Flooding the papal coverage zone

We’ve certainly seen some abysmally bad religion news coverage ever since Pope Benedict XVI announced he was stepping down. But we’ve also seen some absolutely fantastic coverage. (Before we continue, please note the wording on this image — “Specializes in pastoral work, an important skill as Pope.” Funny, no?)

I sit in awe — every day — at the wonderful work done by John Allen, Jr. If you are likewise impressed with this man, you may want to read this Time profile of his work.

Anyway, I also rather liked the Washington Post’s serious coverage. Just in the last few days, we’ve seen extensive live coverage, and multiple angles for exploring the new pope. You can read about “Jorge Mario Bergoglio, now Pope Francis, known for simplicity and conservatism,” for instance. And there’s been great local coverage from a variety of viewpoints — as you can read in “D.C. area Catholics embrace symbolism of the election of first Latin American pope.”

There was a nice look at the significance of the name chosen by the new pope in “Pope Francis: His name reflects ‘his ministry for the poor’.”

And there were even some fun, lighthearted blogs:

What name will the new pope choose? Some clues in this infographic

New pope, Jorge Mario Bergoglio, rode the bus because he gave up his limo

and

Sorry, Jorge Mario Bergoglio is not the first non-European pope

Maybe it’s that I’m hopped up on painkillers but I just want to thank the editors and reporters for all their hard work covering this story from around the world. It paid off.

As for problems, the only ones I saw were that last blog item, which I think displays some minor confusion about the papacy (such as whether the modern papacy is equivalent to the old bishops of Rome) and an error of missing at least one non-European pope we have discussed (Gelasius).

There was also the oddly hostile piece headlined “Cardinal Jorge Mario Bergoglio of Argentina elected pope, takes name Pope Francis.” It began:

VATICAN CITY — The cardinals of the Roman Catholic Church broke Europe’s millennium-long stranglehold on the papacy and astonished the Catholic world Wednesday, electing Jesuit Cardinal Jorge Mario Bergoglioof Argentina as the 266th pope.

The choice, on the second day of deliberations in a papal conclave, opened a direct connection to the Southern Hemisphere at a critical juncture when secularism and competing faiths are depleting the church’s ranks around the globe and dysfunction is eroding its authority in Rome.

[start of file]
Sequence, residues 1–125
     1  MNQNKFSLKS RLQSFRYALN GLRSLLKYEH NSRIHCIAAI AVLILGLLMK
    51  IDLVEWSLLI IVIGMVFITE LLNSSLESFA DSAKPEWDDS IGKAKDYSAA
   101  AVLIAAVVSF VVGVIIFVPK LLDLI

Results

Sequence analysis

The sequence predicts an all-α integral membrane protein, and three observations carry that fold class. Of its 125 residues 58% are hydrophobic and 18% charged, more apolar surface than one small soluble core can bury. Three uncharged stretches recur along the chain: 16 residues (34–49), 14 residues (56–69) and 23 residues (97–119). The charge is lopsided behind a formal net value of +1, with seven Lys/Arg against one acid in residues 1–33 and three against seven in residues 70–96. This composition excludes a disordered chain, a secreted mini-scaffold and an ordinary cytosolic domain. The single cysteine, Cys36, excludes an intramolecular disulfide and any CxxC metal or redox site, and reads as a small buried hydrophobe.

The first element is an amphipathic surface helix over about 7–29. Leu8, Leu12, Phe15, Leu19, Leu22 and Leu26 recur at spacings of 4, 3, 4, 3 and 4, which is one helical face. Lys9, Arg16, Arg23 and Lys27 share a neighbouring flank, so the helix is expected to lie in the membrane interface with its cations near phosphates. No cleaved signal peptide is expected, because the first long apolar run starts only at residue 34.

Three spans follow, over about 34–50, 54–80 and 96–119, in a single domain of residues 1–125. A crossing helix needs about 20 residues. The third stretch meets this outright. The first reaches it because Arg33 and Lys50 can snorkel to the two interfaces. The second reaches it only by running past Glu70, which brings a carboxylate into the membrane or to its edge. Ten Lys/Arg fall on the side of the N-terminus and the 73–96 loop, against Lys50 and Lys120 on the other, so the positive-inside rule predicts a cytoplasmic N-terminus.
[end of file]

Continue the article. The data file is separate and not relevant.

Heh. Stranglehold. I think that sometimes you need to fluff up the words to make things sound exciting and sometimes you have enough drama and criticism to just let things be said without getting melodramatic. Less melodrama might have been in order here.

One last note. E.J. Dionne finished his lovely column on the new pope by saying:

For many Catholics, a great deal of hope rests on the new pontiff’s choice of the name Francis, the saint who disdained formal authority, devoted himself to a simple life, cared passionately about the marginalized and saw actions as counting far more than proclamations.

It is said that Saint Francis once declared, “Preach the Gospel always. If necessary, use words.” For a pope, it’s a challenging approach.

It is said that St. Francis said this — but it’s not true that Francis ever said this. And so we should stop saying that he said this.

One of the many reasons we should stop spreading this quote is that Francis was a powerful preacher who believed in the power of preaching. In that sense, the name is fitting. As Pope Francis said in his first homily yesterday:

“[W]we can walk as much we want, we can build many things, but if we do not confess Jesus Christ, nothing will avail.  We will become a pitiful NGO, but not the Church, the Bride of Christ. . . . When one does not profess Jesus Christ, one professes the worldliness of the devil.”

Anyway, I know that much of the coverage has been bad, but it’s also true that we’re getting to see some great work from Godbeat professionals all over.

  • Kris D

    Love the quote about “if we do not confess Jesus Christ, nothing will avail. We will become a pitiful NGO, but not the Church, the Bride of Christ…” That is the most succinct way of explaining the difference between how secularism & Christianity face the world’s problems that I have seen.

  • Julia

    And the famous “Prayer of St Francis” is also inaccurately attributed to him.